There are a lot of articles around these days about “Life Hacks’. Ways to do things quickly, so you can move on to the next thing and not waste any precious time. Some of them are actually pretty cool and useful, but at the same time I feel that, as the pace of life grows ever faster, we are losing our capacity to wait for things, to work for things, to enjoy the reward that comes after time spent moving towards something. You see it in queues, in shops and restaurants, people getting frustrated when they can’t have what they want straight away, instant gratification, constant moving between this screen and that screen, updating emails, Instagram, Facebook. Hack, hackity, hack.
I’ve studied martial arts for many years and one of the basic tenets is that ‘The journey is the reward.’ That the years you spend training, improving your technique, working with other students, mastering breathing and focus and control and becoming the best person you can be, is the real reward. At the end of it, sure, you get a belt. A signifier of the journey taken, a signpost in the road. But black belt is only the beginning. There are levels above it requiring even more study and dedication. You can’t hack this stuff. And I believe that to be true of creative endeavours as well. Of course there are always going to be prodigies, people in whom talent shines so bright it is oozing from their pores at an early age, their lives dedicated to that one thing that fills them. But for most of us creativity grows and changes as we do – the things we write or create or dream a product of our experiences, of the journey we’ve been on. And writing a book is a journey in itself. Resting your manuscript is essential, it really is. For a minimum of six weeks. You can’t ‘hack’ this, there’s no way around it, you need to leave it alone.
I sometimes think about ‘what might have been.’ I think most of us do. About what would have happened if I’d chosen a different path. Sacha Black wrote a post the other day asking us why we write, and I responded by saying I wrote stories where characters explore choice and consequences, how one act or decision can change everything. This was actually a bit of an eye-opener to me. While I knew this already on a sub-conscious level, it was interesting to acknowledge it and put it into words. I suppose when they say, ‘write what you know,’ perhaps they mean ‘write what you want to explore.’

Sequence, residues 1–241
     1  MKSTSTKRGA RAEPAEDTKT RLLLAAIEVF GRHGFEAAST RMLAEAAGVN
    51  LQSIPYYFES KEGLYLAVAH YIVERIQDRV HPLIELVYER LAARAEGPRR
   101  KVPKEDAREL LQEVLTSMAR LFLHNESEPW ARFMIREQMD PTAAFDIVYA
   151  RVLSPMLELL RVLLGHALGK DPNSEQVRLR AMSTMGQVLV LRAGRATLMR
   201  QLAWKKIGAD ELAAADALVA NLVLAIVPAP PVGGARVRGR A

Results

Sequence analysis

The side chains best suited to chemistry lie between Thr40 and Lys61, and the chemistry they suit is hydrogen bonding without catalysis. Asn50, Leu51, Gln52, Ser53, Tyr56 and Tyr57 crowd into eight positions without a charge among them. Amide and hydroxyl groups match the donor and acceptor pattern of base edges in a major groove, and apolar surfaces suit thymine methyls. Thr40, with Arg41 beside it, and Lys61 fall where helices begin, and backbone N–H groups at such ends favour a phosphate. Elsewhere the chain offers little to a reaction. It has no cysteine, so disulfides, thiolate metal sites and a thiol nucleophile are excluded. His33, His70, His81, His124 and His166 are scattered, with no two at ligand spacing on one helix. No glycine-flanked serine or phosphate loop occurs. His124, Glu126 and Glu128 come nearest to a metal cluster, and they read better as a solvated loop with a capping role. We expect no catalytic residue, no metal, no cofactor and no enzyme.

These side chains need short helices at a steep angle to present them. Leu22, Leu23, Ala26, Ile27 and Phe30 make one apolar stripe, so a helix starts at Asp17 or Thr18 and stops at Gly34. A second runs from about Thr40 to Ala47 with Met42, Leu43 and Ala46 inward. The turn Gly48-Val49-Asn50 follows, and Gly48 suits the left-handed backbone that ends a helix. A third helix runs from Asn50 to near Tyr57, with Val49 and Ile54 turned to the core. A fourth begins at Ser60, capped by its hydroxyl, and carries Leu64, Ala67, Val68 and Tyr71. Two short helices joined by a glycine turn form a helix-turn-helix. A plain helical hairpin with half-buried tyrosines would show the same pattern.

So, when I chose not to do the Creative Writing degree I was offered at eighteen, I set myself on a different path. But I don’t think I’d be the writer I am today if I hadn’t had the life I’ve had. That all the years in jobs I really didn’t love, the time spent travelling, the people I’ve met and the things I’ve experienced, have brought me to this point. I know that I’m fortunate to have had a lot of choice in life, and so I choose not to hack any of it. It’s far too much of a gift to fritter away.
I’ll end with a Douglas Adams quote I particularly enjoy: ‘I may not have gone where I intended to go, but I think I have ended up where I needed to be.’
This is an updated version of a post first published in 2014, when my blog dwelt alone in a barren wasteland, and no-one ever came to visit. I’ve re-worked the first two paragraphs, but the rest is new.